The Muslim v. Christian battle for the Mediterranean

Roger Crowley has written a fascinating account of the war for the Mediterranean that the Turks called the White Sea. Empires of the Sea, The Siege of Malta, the Battle of Lepanto, and the Contest for the Center of the World is an important book that covers a roughly 50 year period from 1521 when Suleiman the "Magnificent" of the Ottoman Turk empire began his conquest of Rhodes.

It ends with the Christian naval victory at Lepanto in one of the largest sea battles in history. In between both sides attempted to control the sea and both had their pirates, but none were more brutal that the Muslims Barbarossa. Christians were kidnapped and turned into galley slaves whose conditions made the trans Atlantic slave trade look like a vacation cruise. The number of Christians taken as slaves far exceeded the African slave trade of the same period.

The slaves were chained to their oars and were never permitted to leave them until their death which was usually within two years of capture. They had to eat sleep and relieve themselves while chained to the oars. They were regularly beaten to get them to work harder in battles with Christian ships that were being attacked.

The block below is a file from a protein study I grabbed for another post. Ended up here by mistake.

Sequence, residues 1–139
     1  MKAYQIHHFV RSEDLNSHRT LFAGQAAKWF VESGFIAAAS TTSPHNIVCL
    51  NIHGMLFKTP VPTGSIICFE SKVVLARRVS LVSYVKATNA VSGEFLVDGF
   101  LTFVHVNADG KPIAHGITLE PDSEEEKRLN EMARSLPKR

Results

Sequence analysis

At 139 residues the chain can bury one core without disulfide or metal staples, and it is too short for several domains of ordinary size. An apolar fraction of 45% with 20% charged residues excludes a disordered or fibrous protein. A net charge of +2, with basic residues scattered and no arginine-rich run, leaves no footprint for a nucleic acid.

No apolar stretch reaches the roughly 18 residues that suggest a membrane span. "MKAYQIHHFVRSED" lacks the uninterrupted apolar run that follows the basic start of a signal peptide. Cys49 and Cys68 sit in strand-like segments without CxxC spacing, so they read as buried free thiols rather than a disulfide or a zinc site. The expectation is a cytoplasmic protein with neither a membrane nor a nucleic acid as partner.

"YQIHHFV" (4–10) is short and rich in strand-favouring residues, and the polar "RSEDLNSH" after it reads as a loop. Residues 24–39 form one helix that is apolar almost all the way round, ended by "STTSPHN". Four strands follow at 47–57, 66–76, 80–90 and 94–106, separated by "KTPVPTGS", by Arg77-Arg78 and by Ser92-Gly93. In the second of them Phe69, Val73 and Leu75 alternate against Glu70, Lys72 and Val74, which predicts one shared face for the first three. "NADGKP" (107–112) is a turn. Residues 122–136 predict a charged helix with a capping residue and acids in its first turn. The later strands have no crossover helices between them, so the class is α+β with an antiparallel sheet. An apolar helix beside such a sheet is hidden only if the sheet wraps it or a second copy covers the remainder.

After the Christians were driven off the Island of Rhodes both sides drifted in to raiding strategies with the Muslims doing most of the damage. The Spanish used some of the wealth they took from the new world to build fleets to take on the Turk challenge but often these fleets incurred expensive disasters.

It was not until Don Juan, the illegitimate half brother of King Phillip of Spain, was given command of the Christian fleet and with the urging of a new Pope that the Christians had a credible threat. The Christians had just survived a brutal siege of Malta. BTW, the book discloses the story behind the Maltese Falcon.

The Christians also had a tactical innovation that proved decisive. They sheared off the rams of their heavier galleys and put more cannons forward which allowed them to shoot down on the Turkish ships. At the battle of Lepanto 40,000 men were killed in four hours time. Around 100 ships were destroyed and the Christians captured another 137 Muslim ships. Of the dead 25,000 were Muslims another 3,500 were captured and 12,000 Christian slaves were freed.

One of the other aspects of the Christian victory was Muslim denial. It reminded me of Saddam's rationalizations after the first Gulf war.

It is a good book that shows how close the Christians came to losing the Mediterranean and its surrounding shore lines.

When I was in grade school I lived in Lepanto, Arkansas, but I was never told the significance of the name. Now I know.

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